Throughout 2005, rumours were constantly floating around about Google's entry into the instant messaging market. In August of the same year, the domain was discovered by inquisitive Internet users and found to be hosting a Jabber server, live and ready for use. Jabber is an open protocol based on XML, designed to be interoperable and extensible. The next day Google announced their instant messenger “Google Talk”, and offered up their custom client for download.


Google Talk is essentially a standard Jabber service, providing access to anybody with a Gmail account (which is practically everybody on the 'net these days, despite the previously exclusive invite-only registration system). You can access it via any Jabber client, although these don't integrate with the extra services Google are offering – namely Gmail notification and free Internet voice calls, the service's main selling point. Conversations are not encrypted, and server-to-server communication facilities are unavailable, meaning that users can't talk to people on other Jabber servers. Furthermore, gateways to popular IM services such as MSN Messenger and AIM are not provided, and as such users of these services are forced to run multiple IM clients (unless they access these services through a multiple service IM client such as Trillian, GAIM or Miranda IM).

Response to the service has generally been critical – people are underwhelmed by this new service in comparison to Google's impressive new technologies such as Google Earth and Gmail. However, due to the power of Google branding, the service is gaining popularity, and users remain hopeful that the service and client will develop and expand.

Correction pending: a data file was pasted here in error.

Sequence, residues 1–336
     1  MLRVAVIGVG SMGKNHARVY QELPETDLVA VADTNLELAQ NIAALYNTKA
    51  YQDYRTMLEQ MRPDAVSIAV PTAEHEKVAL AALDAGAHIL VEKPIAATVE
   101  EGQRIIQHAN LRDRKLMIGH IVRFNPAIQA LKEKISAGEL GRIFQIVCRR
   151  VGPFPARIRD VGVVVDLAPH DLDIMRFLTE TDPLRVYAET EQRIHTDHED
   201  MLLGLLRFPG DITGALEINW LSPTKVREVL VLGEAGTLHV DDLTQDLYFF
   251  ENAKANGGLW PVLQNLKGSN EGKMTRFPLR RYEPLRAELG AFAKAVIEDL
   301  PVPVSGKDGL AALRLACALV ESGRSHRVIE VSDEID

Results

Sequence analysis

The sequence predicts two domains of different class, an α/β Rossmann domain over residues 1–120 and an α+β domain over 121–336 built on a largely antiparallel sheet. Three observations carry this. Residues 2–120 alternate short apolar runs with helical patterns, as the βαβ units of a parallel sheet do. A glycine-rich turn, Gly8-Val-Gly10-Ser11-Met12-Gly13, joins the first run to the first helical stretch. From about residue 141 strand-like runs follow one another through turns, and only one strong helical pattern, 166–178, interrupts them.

In true Google style, the client is minimal and functional. It offers a simple white interface with the trademark Google logo and coloured text hovering above the contact list, with a familiar search bar allowing you to search your contacts (should you be popular enough not to be able to find somebody in your long list of friends!). Unfortunately the search bar seems to be a token effort rather than a useful feature – unlike Gmail's extensive archiving, Google Talk only retains a few history items, and it isn't possible to search these. Integration with Gmail is strong however – e-mail alerts pop up as soon as you receive new mail, and a link to your inbox is provided within the client.

The voice messaging functionality is the client's strongest asset. Even on a dial-up connection, conversations are clear and don't suffer from drop outs or disconnections. Certainly the service outdoes its competitors here, and with rumours of deals with other VoIP services which may provide land-line calls, Google is likely to beat all competitors like the all-conquering behemoth it's gradually becoming.